Dejusticia filed a lawsuit challenging Decree 857 of 2014, which regulates the Colombian Law of Intelligence and Counterintelligence, for violating some of the necessary requirements that must be fulfilled before the right of access to public information held by intelligence agencies can be restricted.
Decree 857 of 2014 was issued by the National Government to regulate the Intelligence and Counterintelligence Law (Law 1621 of 2013).
The first paragraph of Article 5, Article 6 and Article 10 of the Decree seek to regulate the withholding of information, ignoring the standards established in the jurisprudence and in the Law. For its part, the third paragraph of article 9 and paragraph 1 of article 19 of the Decree establish the creation of new ways to withhold information that were not created in the Intelligence and Counterintelligence Law, for example, the keeping of the intelligence manuals and of the resumes, the profiles or the data of the public intelligence and counterintelligence servers, and of contractors who carry out these activities.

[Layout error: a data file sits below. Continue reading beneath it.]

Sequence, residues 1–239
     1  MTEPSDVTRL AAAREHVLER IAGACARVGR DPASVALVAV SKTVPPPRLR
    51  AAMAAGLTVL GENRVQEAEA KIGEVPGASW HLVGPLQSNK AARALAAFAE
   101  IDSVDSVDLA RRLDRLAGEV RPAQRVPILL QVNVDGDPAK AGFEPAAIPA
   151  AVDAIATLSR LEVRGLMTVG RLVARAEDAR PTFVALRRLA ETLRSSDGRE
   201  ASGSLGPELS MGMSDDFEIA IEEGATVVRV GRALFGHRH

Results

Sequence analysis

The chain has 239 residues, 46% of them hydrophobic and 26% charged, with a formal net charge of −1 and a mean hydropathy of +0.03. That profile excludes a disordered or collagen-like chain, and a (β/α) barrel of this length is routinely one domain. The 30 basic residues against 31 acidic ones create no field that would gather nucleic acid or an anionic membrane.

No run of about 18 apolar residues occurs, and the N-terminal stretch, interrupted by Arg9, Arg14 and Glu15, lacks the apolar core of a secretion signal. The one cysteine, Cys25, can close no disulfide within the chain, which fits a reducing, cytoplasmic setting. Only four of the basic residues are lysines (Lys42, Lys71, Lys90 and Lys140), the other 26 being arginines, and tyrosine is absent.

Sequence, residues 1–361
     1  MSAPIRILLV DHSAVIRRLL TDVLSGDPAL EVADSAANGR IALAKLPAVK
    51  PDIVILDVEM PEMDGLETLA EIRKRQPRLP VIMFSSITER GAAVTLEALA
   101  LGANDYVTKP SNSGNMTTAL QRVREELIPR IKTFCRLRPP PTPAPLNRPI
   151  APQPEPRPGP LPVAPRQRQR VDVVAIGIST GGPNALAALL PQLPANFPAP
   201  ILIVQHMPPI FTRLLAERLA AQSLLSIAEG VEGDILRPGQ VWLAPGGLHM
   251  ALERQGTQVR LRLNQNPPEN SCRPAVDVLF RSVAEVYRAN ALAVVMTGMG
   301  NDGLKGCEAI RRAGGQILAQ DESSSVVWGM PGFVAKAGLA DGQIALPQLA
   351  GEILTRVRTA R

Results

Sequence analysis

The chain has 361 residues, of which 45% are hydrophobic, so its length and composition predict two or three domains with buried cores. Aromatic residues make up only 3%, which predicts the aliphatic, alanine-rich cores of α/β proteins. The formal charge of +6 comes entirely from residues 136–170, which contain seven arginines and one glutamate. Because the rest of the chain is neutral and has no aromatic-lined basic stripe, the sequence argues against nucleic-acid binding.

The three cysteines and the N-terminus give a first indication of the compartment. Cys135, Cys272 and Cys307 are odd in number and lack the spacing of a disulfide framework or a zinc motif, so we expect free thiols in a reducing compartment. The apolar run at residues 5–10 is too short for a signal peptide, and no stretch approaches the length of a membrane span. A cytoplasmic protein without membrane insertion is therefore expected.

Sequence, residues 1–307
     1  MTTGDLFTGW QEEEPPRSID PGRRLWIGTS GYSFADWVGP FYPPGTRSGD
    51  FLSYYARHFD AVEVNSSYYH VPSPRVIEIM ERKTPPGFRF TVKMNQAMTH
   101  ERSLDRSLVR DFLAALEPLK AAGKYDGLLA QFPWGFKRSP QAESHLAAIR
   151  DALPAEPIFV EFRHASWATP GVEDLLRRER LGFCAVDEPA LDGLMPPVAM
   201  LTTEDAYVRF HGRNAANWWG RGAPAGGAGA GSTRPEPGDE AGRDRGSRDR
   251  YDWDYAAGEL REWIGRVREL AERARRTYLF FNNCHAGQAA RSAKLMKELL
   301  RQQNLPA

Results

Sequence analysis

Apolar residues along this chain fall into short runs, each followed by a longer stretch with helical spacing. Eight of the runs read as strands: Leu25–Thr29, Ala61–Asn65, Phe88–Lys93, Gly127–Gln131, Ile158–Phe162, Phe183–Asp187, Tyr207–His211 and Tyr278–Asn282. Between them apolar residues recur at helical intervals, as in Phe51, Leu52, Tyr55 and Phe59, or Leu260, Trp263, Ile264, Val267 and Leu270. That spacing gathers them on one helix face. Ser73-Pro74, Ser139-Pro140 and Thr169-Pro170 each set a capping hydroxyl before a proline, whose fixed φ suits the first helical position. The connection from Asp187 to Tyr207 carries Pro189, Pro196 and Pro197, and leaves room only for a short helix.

In the application, we contend that the foregoing articles violate the President’s regulatory power, the principle of legal withdrawal, and the requirements established by the Intelligence Act itself and by the Law on Transparency and Access to Public Information in order to withhold public information.